It was almost a year ago that a MLS work stoppage was avoided when the players' union and league hammered out a Collective Bargaining Agreement. While many of the big-picture details were released around the time, it was only today that the MLS Players Union made the full CBA publicly available.
A lot of what's in there is only going to be of interest to the players themselves, and there's even more stuff they'll probably only skim over. But for MLS wonks like us -- and if you're reading this blog, we're including you -- there's a treasure trove of information that provides a better understanding of the league's inner workings.
Here's some of the stuff we found most interesting:
The document doesn't really get interesting until you get to Article 10 on page 28. That's where they talk about minimum salaries.
TL;DR: The absolute minimum that a player can be paid in 2016 is $51,500, and veterans will make at least $62,500.
Further reading: The reserve minimum players have to be 24 or younger and not have more than two years of MLS experience, but they are eligible for a bunch of bonuses their senior counterparts aren't for things like starts and making the gameday roster. After two years, a player must be elevated to a senior minimum roster spot, assuming his options are being picked up.
An example: A reserve minimum player like Oniel Fisher, would have been due at least an additional $12,750 in playing time bonuses (nine starts and three other league appearances, plus whatever games he made the bench and didn't play).
While those base salaries are a significant improvement over what players have made in the past, we really start to see an improvement for players on the lower end of the salary structure once team bonuses are factored in.
TL;DR: Teams get bonuses for everything from winning regular-season games ($7,500) to making the playoffs (at least $20,000) to winning trophies (the big prize is MLS Cup at $275,000).
Further reading: The bonuses extend into other competitions, with the U.S. Open Cup winner getting $250,000, the Canadian Champion getting $50,000 and teams that qualify for CONCACAF Champions League could get as much as $226,000 (they'd need win all four group stage games and win the title to get the full amount). Teams can also get as much as $54,000 for playing in friendlies. These bonuses do not count against the salary budget, unlike individual player bonuses that would be in their specific contracts.
An example: The Sounders racked up $235,500 in bonuses last year (15 wins + playoffs + two CCL wins + CCL quarterfinals) and they can still claim another $135,000 through CCL play this year. If they had repeated their 2014 campaign, they'd have claimed $510,000 in bonuses (20 wins + Supporters' Shield + U.S. Open Cup). Their only friendly was against Club Tijuana, though, a team that doesn't translate to a bonus. The Portland Timbers, on the other hand, claimed $407,500 in bonuses last year (15 wins + playoffs + MLS Cup champs). If the Sounders chose to give all 31 players on last year's season-ending roster an equal share of the bonus money (they probably didn't), that means an additional $7,600 for each player.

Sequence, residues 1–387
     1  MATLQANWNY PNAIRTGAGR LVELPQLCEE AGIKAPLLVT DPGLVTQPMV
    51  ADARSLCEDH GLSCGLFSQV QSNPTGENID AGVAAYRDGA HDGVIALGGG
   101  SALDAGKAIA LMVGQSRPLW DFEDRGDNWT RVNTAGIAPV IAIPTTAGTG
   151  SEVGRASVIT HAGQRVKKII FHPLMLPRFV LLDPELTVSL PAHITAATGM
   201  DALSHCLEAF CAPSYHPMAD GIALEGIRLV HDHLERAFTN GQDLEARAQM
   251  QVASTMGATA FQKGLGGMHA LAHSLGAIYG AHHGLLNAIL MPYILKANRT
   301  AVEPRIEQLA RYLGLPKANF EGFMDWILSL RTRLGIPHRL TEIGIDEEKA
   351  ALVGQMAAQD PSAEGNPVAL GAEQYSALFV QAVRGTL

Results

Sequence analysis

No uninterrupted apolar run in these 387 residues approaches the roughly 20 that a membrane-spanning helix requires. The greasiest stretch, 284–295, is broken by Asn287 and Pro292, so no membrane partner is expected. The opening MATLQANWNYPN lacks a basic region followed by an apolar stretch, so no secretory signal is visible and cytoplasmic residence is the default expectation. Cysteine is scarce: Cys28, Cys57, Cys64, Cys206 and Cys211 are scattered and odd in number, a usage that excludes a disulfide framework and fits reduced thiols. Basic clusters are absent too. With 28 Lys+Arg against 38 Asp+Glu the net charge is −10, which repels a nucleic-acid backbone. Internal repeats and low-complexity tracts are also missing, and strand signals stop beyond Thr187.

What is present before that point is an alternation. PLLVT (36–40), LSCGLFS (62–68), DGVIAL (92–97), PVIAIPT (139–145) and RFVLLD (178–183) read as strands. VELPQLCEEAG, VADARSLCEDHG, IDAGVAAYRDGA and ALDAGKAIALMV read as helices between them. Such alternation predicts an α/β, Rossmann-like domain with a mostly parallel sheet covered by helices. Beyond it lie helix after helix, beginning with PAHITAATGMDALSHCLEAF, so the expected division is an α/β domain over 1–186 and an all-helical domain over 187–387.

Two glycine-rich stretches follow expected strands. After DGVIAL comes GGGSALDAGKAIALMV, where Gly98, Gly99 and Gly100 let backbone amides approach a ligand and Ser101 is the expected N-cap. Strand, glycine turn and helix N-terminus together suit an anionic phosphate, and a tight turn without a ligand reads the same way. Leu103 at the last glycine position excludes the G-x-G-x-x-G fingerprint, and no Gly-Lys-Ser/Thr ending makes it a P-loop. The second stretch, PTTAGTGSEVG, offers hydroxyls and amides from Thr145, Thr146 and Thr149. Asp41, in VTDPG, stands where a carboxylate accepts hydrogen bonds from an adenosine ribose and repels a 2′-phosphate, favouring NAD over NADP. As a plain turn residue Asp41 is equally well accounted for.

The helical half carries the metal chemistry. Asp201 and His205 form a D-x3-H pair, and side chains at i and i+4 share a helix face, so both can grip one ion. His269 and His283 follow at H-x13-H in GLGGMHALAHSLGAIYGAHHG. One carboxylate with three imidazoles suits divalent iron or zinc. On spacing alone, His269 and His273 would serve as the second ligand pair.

This is information that is eventually made public every year, but now we have the complete salary budget schedule.
TL;DR: Every team has at least $3,660,000 to spend on their senior roster in 2016. The budget increase is a little less than 5 percent per year.
Further reading: The only players who count against the budget are for roster spot 1-20, and as few as 18 players can be placed on the senior roster. For the most part, players making the veteran or reserve minimum, Homegrown Players, and Generation Adidas players are all off budget. Spots 21-24 on the roster must be paid at least the veteran minimum and spots 24-28 must be paid at least the reserve minimum.
An example: Fisher would occupy one of the 24-28 spots on the roster and not count against the salary cap.
How a player's budget charge is determined
Truth be told, this is not going to help you figure out how much a player counts against the salary cap, but it is a window into just how complicated the process is.
TL;DR: A player's salary cap hit is almost impossible to determine simply by looking at their base salary, and phrases like "MLS retains discretion" make it even more of a fool's errand. That said, you can probably added about 15 percent to any given player's salary and get a general idea of how much they count.
Further reading: A full-season Designated Player salary cap hit is pegged at 12.5 percent of the total budget (a midseason DP only costs 6.25 percent). So having three full-season DPs means you are sinking 37.5 percent of your budget into about 15-17 percent of your roster. Having a third DP also costs you an additional $150,000 a year that is put back into a league pool and redistributed as allocation to the teams that don't have three DPs. Those figures can be paid down with allocation money, though.